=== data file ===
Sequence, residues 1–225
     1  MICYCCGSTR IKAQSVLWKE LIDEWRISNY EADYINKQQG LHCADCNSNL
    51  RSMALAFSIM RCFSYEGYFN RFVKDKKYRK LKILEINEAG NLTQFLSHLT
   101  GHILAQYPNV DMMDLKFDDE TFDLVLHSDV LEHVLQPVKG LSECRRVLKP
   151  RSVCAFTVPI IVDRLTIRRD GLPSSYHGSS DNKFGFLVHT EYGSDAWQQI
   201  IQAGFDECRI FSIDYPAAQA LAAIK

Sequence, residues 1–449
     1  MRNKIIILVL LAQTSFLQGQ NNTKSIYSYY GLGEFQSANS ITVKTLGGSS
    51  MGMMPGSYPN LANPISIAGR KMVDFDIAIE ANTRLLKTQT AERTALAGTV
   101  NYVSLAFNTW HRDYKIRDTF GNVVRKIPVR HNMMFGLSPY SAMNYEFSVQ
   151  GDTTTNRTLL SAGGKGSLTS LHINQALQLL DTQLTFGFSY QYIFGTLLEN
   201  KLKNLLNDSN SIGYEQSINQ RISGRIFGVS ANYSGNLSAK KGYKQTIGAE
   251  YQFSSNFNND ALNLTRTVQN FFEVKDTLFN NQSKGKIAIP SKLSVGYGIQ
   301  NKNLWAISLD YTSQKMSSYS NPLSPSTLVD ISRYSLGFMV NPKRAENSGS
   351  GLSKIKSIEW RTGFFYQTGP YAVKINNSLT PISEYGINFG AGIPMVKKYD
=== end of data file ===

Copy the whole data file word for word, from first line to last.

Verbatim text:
Sequence, residues 1–225
     1  MICYCCGSTR IKAQSVLWKE LIDEWRISNY EADYINKQQG LHCADCNSNL
    51  RSMALAFSIM RCFSYEGYFN RFVKDKKYRK LKILEINEAG NLTQFLSHLT
   101  GHILAQYPNV DMMDLKFDDE TFDLVLHSDV LEHVLQPVKG LSECRRVLKP
   151  RSVCAFTVPI IVDRLTIRRD GLPSSYHGSS DNKFGFLVHT EYGSDAWQQI
   201  IQAGFDECRI FSIDYPAAQA LAAIK

Sequence, residues 1–449
     1  MRNKIIILVL LAQTSFLQGQ NNTKSIYSYY GLGEFQSANS ITVKTLGGSS
    51  MGMMPGSYPN LANPISIAGR KMVDFDIAIE ANTRLLKTQT AERTALAGTV
   101  NYVSLAFNTW HRDYKIRDTF GNVVRKIPVR HNMMFGLSPY SAMNYEFSVQ
   151  GDTTTNRTLL SAGGKGSLTS LHINQALQLL DTQLTFGFSY QYIFGTLLEN
   201  KLKNLLNDSN SIGYEQSINQ RISGRIFGVS ANYSGNLSAK KGYKQTIGAE
   251  YQFSSNFNND ALNLTRTVQN FFEVKDTLFN NQSKGKIAIP SKLSVGYGIQ
   301  NKNLWAISLD YTSQKMSSYS NPLSPSTLVD ISRYSLGFMV NPKRAENSGS
   351  GLSKIKSIEW RTGFFYQTGP YAVKINNSLT PISEYGINFG AGIPMVKKYD